What's all the fuss about 50 Shades of Grey? UK author E.L. James' runaway bestseller is inspiring thousands of women to fantasize about Christian Grey having his way with them. This puddle of ooze could be a more insidious war on women than anything attempted by Republicans.
About to graduate from college, 21-year-old Anastasia "Ana" Steele is easily bewitched by Bill Gates-style Seattle CEO Christian Grey's velvet-covered steel member. Christian isn't like other guys. He has particular and peculiar tastes, and even though Ana is an inexperienced virgin, it doesn't take long for her to adapt to Christian's rough sex ways.
50 Shades of Grey features the "dominant" and "submissive" role-playing in BDSM sex. Ana worries about the contract that Christian wants her to sign to become his "special one." In addition to highly-defined sex acts, the contract, which is subject to protracted negotiations in the book, specifies:
- What Ana will eat, when, and how much
- When Ana will exercise, and how much
- What Ana will wear, purchased by Christian
- How Ana will groom herself (waxing or shaving, waxing preferable)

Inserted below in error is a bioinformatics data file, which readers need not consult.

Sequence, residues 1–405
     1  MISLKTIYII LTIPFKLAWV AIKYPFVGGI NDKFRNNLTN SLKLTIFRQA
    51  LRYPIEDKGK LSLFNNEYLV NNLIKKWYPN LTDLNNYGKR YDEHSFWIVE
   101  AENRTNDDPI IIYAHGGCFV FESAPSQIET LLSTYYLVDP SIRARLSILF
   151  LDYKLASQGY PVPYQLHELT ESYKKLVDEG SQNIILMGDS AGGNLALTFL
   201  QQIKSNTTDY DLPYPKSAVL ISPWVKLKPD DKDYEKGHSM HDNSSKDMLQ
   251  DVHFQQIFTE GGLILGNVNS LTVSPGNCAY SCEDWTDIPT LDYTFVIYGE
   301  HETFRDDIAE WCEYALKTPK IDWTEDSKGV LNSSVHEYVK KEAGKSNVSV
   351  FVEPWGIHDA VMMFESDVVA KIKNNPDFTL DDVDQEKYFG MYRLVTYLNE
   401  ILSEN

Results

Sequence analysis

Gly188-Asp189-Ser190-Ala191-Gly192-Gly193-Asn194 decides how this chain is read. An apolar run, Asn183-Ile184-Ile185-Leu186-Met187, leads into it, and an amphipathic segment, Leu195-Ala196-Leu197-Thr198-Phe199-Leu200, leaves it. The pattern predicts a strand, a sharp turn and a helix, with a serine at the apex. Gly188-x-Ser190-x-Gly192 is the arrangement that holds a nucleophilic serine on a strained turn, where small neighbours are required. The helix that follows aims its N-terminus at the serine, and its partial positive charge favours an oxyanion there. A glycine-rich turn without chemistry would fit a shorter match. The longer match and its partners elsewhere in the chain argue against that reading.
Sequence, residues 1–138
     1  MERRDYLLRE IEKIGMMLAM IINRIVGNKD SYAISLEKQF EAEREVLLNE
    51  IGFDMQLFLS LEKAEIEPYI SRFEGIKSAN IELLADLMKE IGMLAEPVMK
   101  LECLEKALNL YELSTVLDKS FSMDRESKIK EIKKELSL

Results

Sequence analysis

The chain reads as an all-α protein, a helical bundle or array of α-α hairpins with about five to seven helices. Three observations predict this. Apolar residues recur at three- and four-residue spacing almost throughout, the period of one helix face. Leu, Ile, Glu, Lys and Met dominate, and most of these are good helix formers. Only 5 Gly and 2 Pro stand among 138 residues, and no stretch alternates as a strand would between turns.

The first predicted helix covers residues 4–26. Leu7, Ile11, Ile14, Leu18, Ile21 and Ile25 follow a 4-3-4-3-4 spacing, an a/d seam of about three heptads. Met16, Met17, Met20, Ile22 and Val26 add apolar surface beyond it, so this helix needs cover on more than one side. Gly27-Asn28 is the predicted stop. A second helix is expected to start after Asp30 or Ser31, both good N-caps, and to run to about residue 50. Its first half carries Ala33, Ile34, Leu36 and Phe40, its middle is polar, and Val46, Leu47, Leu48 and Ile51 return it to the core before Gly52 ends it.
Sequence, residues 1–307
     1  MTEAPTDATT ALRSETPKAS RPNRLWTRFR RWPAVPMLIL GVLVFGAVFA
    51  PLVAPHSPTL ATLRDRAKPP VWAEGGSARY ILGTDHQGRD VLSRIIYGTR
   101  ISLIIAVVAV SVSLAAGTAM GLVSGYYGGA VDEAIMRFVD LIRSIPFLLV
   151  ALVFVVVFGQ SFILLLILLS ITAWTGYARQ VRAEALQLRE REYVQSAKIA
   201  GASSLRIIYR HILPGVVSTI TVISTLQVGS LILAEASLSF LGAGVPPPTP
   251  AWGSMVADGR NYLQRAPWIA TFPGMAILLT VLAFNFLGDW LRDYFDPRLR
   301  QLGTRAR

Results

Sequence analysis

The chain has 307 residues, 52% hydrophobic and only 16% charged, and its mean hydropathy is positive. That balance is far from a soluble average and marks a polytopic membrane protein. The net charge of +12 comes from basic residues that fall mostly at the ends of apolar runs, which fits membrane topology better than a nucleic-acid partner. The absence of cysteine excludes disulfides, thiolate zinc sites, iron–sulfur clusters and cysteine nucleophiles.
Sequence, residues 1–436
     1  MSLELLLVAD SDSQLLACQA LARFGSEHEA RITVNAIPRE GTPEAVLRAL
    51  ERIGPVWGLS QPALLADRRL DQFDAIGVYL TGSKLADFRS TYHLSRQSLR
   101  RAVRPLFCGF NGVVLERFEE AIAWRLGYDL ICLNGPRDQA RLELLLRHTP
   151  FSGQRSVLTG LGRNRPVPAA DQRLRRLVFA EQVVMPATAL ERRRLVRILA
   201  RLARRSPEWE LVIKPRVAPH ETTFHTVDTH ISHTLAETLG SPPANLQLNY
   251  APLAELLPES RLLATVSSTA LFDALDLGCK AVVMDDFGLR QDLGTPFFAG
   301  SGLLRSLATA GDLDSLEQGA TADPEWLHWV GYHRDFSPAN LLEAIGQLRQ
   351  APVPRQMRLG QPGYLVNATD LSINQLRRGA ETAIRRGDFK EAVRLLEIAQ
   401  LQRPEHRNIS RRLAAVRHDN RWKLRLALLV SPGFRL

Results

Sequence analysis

- How Ana will comport herself in Christian's presence and at other times
- Specific times Ana will devote herself to Christian's ministrations
- No speaking about their relationship and no self-pleasuring
Who wouldn't want to do that just for the privilege of being flogged with a velvet-covered steel King of Whangistan? Ana's normal friend Kate, who is doing the badonka-donk with Christian's seemingly normal brother, worries that Christian is "too controlling." Ya think?
The enigmatic Christian is an insanely-wealthy, good-looking sex machine reminiscent of American Psycho's Patrick Bateman.
Some are calling it "mommy porn" because 50 Shades of Grey, while unlikely to be selected for Oprah's book club, has improbably made suburban book club lists by the hundreds. Mommies around the world are tittering and getting all hot and bothered about a girl falling for a guy whose best offering is a "Red Room of Pain."
80s vampire and sex author-turned Christian apologist Anne Rice dislikes fan fiction (50 Shades of Grey began as Twilight fan fiction — so I'm assuming it was originally Edward punishing Bella with his velvet covered steel trouser snake ...) but thinks it is OK for women to indulge any fantasy they like. Anne is right: There is nothing wrong with women and men embracing their sexual fantasies. Some critics miss the point entirely. The underlying story is driven by the fact that Christian is broken and Ana needs to fix him.
Fixing a madman is, of course, what every woman should want to devote herself to. The logical end course for someone like Christian Grey is the Patrick Bateman/Ted Bundy road, but since these books are fantasies, Ana and Christian just keep having sex; with props and painful items most suburban mommies have probably heard about for the first time from these bestselling books. That's what I call love ... not.